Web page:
The President, who also spoke at CPAC, leans more headwing in my opinion. He crosses lines, but aligns with enough conservative principles, such as religious liberty, constitutionalism on the Supreme Court, privatization of healthcare, strong defense and national security, state control of public education while also supporting government healthcare for single and pregnant mothers, inner city initiatives and job programs to eradicate joblessness and poverty, etc.

      The speeches can be accessed on the CPAC website and YouTube.

  15. Living in Munich I cannot but read Die Süddeutsche Zeitung newspaper in case there’s an interesting article on literature. As I bought a copy this Wednesday because of Thomas Mann, I found quite disturbing news inside the paper. In the meantime I read already four articles on the issue. “The House of Art” museum in Munich fired a personnel manager because he is alleged to be a member of “Scientology”. Even German state intelligence is investigating. It looks like they found a whole group of Scientology members working there. A member of Parliament from the SPD is demanding action, too.

    Here’s an article in English about the whole matter:

    German state intelligence investigates ‘Scientologist infiltration’ at leading art museum

    I really don’t know how Scientology is perceived in the U.S., but Tom Cruise is a famous Scientologist and he apparently doesn’t receive any government persecution. I believe Scientology has a right to exist and is protected by law. Article 4 of the basic law in Germany states:

    (1) Freedom of faith and of conscience, and freedom to profess a religious or philosophical creed, shall be inviolable.

    (2) The undisturbed practice of religion shall be guaranteed.

    On the other hand, there is a witch-hunt against Scientology that reminds me of my hometown Wuerzburg where they burned the last witch. In your essay you find a whole lot of arguments against an authoritarian state that persecutes a minority religion. “What is proclaimed and practiced as tolerance today, is in many of its most effective manifestations serving the cause of oppression,” sounds very adequate to me. If the elite doesn’t want Scientology in, there is only the chance of a court case against an overpowering enemy.

    Personally, I’m not a fan of Scientology, but they were guests in our center in Munich. What’s your point of view, David? How can you develop in an atmosphere like that?

    1. Thomas,

      Under the single global belief system — freedom to believe in religion (even no particular religion) is granted based upon results: Unity, Justice, Tranquility … to secure the blessing (4 realms of heart – mutual prosperity) for ourselves and Posterity.

      1. Robert,

        I’m not sure I follow you here. Are you saying that all people of the world will gladly accept a “single global belief system” if that belief system produces unity, justice and tranquillity?

        1. David,

          Whosoever produces the fruits (results) of the spirit (ontology of heart/absolute values) shall secure the position of Elder son. In other words, theory and practice are united under True Parents.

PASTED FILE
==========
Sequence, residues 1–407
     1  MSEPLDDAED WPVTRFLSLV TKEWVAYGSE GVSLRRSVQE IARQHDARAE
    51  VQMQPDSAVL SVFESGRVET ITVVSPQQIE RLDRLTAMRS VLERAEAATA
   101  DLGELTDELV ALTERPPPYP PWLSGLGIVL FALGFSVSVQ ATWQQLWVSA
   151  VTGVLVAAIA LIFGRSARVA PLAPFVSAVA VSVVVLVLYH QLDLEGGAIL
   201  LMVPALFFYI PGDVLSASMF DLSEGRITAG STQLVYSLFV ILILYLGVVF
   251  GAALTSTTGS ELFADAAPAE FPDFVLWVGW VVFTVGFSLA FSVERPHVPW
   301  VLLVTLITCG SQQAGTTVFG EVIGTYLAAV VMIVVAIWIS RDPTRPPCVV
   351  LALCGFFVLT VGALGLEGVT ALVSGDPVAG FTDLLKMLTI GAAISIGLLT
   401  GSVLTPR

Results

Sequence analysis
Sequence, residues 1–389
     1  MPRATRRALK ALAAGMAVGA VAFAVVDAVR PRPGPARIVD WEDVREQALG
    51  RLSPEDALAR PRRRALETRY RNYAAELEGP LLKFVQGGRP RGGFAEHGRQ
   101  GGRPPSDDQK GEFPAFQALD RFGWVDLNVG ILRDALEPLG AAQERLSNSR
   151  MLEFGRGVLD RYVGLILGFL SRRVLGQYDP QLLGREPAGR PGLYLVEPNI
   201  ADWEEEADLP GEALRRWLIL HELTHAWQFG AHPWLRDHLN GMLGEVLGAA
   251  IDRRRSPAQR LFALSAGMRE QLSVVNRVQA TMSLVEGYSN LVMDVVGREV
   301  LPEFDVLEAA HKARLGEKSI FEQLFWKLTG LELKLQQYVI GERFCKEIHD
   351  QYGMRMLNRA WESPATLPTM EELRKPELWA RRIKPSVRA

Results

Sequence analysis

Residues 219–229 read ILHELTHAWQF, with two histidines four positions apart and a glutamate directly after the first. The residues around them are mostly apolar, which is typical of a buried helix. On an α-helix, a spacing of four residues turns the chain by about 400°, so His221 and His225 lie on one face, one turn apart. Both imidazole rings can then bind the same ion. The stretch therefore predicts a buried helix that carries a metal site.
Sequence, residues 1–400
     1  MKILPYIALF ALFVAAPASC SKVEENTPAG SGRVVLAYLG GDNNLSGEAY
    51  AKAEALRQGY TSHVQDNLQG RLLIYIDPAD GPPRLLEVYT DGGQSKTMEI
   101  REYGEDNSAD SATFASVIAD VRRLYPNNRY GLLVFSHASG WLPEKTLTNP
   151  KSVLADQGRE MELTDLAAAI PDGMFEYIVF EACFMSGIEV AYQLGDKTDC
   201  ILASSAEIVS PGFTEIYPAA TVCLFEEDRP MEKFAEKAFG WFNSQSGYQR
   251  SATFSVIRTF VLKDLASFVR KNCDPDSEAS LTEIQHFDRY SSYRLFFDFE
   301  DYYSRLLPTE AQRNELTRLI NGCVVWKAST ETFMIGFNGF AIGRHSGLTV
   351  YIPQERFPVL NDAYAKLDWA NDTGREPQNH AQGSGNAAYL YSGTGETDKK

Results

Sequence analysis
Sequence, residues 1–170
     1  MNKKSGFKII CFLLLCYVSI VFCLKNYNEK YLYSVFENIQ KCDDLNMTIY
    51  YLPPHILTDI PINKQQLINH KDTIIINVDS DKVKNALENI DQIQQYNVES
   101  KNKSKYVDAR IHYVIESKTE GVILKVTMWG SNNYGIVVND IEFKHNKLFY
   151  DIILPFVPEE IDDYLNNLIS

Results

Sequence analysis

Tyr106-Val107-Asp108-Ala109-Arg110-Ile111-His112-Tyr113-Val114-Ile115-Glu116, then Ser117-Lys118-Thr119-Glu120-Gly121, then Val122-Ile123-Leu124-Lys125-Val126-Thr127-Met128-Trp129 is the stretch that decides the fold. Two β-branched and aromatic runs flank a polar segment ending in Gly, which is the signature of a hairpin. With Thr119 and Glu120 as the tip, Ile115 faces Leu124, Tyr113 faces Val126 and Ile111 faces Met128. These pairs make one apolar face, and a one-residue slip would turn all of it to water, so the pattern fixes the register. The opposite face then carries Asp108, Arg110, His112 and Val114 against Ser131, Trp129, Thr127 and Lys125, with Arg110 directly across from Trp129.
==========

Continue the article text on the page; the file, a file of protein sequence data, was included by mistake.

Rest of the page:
2. David,

          It may sound strange to say the state grants something that everyone has. In the case that God-given (liberty) rights are abused with no regard to whole purposes then the kingdom police might be called in to restore peace and order.

  16. Thomas,

    The emergence of Thomas Hobbes’ “social contract theory” and his concept of “the mutual transferring of right” became the foundation for modern civil society: the very rationale of a Republic in which the scriptural tenet of the Golden Rule (alterum facere vultis ut faciam obis), “do unto others as you would have others do unto you,” is a guiding moral principle. The need for religious freedom is paramount and the founders of the American Consitution intuited that. It’s interesting to see the parallels between U.S. and German law with regard to religious rights.

    If we want the practice of our own faith tradition to be protected (negative rights), then we need to advocate for protection of all religions. That said, there are laws in the U.S. that prohibit certain activities by sectarian organizations and as individual citizens we need to live according to the laws of the land.

    Let me just point out (as I have done above) that the current iteration of liberalism is a far cry for that of Herbert Croly, JFK, Dr. King, “Scoop” Jackson and Tip O’Neill. Croly (who founded The New Republic) was opposed to using government to attain “social justice” via identity politics. This perspective alone points to huge difference to many of today’s advocates of liberalism and their predecessors.

    Headwing must be based on Godism and freedom of religion, therefore, is a sine qua non. Many liberals today admire Dr. King for his righteous stand on bigotry and racism, but tend to loathe the religious faith that fueled his convictions. The evisceration of traditional religious values, especially as they pertain to sexuality, has become a pernicious aspect of current progressive orthodoxy.